Dryer Vent Installation

Dryer vent installation guidelines have been updated over the years.  You might be surprised to learn that your dryer vent system no longer complies with current safety standards.  Do you know what type of ductwork is attached to your clothes dryer?   Be aware that what you don't know can hurt you.  Your dryer vent system could be a fire hazard.

The dryer ducts run from the back of the clothes dryer to the vent outside.  The dryer vent system is responsible for removing hot air, moisture and lint from your dryer.  Tumbling laundry dries as hot air is blown throughout the drum and then vented outside.

Proper Dryer Vent Installation to Send Heat and Moisture Outdoors

Can you imagine how hard your air conditioning would have to work to counter the effect of all the hot air from your dryer coming into your home? Even a massive home air conditioning unit likely couldn't compete with all that heat.  A properly installed dryer vent system will efficiently remove the heat from the dryer and send it outside.

Proper dryer vent installation ensures your dryer is venting safely and efficiently.  Keeping the lint screen clean is important, but know that it only traps about 60 percent of lint removed from laundry.  The rest of the lint sneaks into the back of the dryer and into the dryer exhaust ducts.  A properly installed dryer vent system, using the proper materials, will reduce the amount of lint that builds up.  Of course, all dryer vent systems, even the very best, must be maintained; dryer vent cleaning is recommended annually.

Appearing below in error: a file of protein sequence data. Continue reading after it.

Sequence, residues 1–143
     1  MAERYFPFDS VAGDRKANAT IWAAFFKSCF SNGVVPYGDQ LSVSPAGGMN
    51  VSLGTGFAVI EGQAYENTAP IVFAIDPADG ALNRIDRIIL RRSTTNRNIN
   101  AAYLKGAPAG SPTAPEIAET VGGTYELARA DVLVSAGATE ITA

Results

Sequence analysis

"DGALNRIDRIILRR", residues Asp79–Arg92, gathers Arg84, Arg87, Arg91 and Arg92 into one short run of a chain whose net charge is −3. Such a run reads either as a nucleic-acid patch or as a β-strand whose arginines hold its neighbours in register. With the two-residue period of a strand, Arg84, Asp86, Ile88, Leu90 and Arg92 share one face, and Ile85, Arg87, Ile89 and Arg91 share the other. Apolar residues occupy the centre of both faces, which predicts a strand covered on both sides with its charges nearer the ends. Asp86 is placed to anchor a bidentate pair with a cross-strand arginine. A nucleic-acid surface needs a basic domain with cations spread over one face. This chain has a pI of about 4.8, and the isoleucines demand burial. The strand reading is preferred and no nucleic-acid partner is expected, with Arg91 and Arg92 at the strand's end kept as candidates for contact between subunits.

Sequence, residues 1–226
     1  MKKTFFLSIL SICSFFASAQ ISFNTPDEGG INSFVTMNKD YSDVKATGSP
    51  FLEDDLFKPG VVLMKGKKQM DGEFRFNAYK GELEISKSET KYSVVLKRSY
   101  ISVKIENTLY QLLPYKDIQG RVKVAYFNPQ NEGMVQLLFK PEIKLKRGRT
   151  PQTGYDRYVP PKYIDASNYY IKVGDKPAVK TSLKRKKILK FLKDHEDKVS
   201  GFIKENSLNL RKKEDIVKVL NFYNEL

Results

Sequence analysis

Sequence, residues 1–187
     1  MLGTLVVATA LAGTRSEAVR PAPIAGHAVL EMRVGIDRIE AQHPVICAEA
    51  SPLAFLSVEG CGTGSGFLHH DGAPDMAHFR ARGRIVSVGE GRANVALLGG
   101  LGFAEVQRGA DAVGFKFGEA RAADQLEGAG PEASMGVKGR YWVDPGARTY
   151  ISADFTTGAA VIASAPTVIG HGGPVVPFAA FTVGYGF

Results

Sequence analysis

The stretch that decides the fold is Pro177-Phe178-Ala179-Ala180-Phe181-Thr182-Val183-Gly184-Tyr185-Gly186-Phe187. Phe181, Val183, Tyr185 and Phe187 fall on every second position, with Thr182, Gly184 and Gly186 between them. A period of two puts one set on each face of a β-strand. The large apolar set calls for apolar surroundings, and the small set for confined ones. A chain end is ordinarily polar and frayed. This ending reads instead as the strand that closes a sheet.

Dryer Vent Installation – Replace Vinyl or Flexible Foil Dryer Duct

Without a proper dryer vent system, the heat, moisture and lint would not be able to escape and your laundry would not dry.  You may have noticed that your dryer is taking longer to dry a load laundry than it used to.  This is the most common warning indicating blocked air-flow.  When dryer lint accumulates in the dryer exhaust ducts, air flow slows down. 

Lint is highly combustible; all it takes is a small spark from inside the dryer to ignite the lint and start a rapidly spreading fire.  If your dryer ducts are made of the old fashioned, vinyl or plastic, then they will only add to the fuel for a fire.  Aluminum dryer ducts have a better chance of containing the spark until it burns itself out, especially if they are kept clean.